Have Guitar! presents Greco Les Paul EG-800 Custom vs Gibson Les Paul Standard. “Versus” might be a bit misleading – I just wanted to see how they sounded when used for similar sounds in a recording. Both are very nice guitars for sure. (Don’t know why the video continues after the track is silenced…)

So, Greco might be best known for being one of the “law-suit” guitar brands. Greco started producing guitars allready in 1960, the very much Gibson-like models started coming out in the earley 70’s. And then there’s whole law-suit era, which I am not going to dive into here but see the links below. The EG-800 that can be heard in this video is a copy of the black Gibson Les Paul Custom that Peter Frampton used on the classic album “Frampton comes alive!”. I am not 100 % certain but I think this Greco EG-800 Custom was manufactured in around 1978 or maybe 1979.

About my Gibson Les Paul – well, I really don’t know that much about it! It is manufactured in 1976 and I bought it for a really low price in 1986, when no-one wanted Gibson and Fender – ironically it was all about japanese racer guitars back then… The bell on the head says “standard” but there’s a stamp on the back of the head that actually says “DeLuxe”.I read somewhere that in 1976 all Les Pauls were either “Custom” or “DeLuxe” and some “Deluxes” were shipped with standard humbuckers rather than p90’s.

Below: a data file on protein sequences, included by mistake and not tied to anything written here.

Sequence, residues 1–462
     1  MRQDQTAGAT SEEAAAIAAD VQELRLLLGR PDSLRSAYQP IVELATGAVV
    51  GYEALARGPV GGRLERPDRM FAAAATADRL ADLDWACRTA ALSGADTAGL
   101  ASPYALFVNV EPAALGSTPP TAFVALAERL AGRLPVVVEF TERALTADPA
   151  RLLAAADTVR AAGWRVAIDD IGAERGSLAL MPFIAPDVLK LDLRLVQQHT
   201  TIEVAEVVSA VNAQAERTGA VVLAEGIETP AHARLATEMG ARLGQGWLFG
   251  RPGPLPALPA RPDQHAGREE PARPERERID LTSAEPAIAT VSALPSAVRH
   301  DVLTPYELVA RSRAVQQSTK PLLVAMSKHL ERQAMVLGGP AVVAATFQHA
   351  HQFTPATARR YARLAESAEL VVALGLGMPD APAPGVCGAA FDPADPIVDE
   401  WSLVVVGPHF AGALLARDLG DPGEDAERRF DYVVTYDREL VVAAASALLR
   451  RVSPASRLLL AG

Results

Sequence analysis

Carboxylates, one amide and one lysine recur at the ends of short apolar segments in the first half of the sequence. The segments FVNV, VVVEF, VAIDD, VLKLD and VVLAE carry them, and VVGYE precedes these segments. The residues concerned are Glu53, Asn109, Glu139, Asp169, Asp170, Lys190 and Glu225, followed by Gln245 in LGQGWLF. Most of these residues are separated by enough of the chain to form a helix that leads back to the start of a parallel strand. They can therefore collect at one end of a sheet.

So, I still have the Gibson but I traded away the Greco – not that it was a bad guitar, just had the need for something else. I hope you like the video, this was the first video to be published on Have Guitar! youtube channel and nowadays there’s a whole lot more to watch… and more content being added every week. Feel free to subscribe to Have Guitar! for more lovable videos!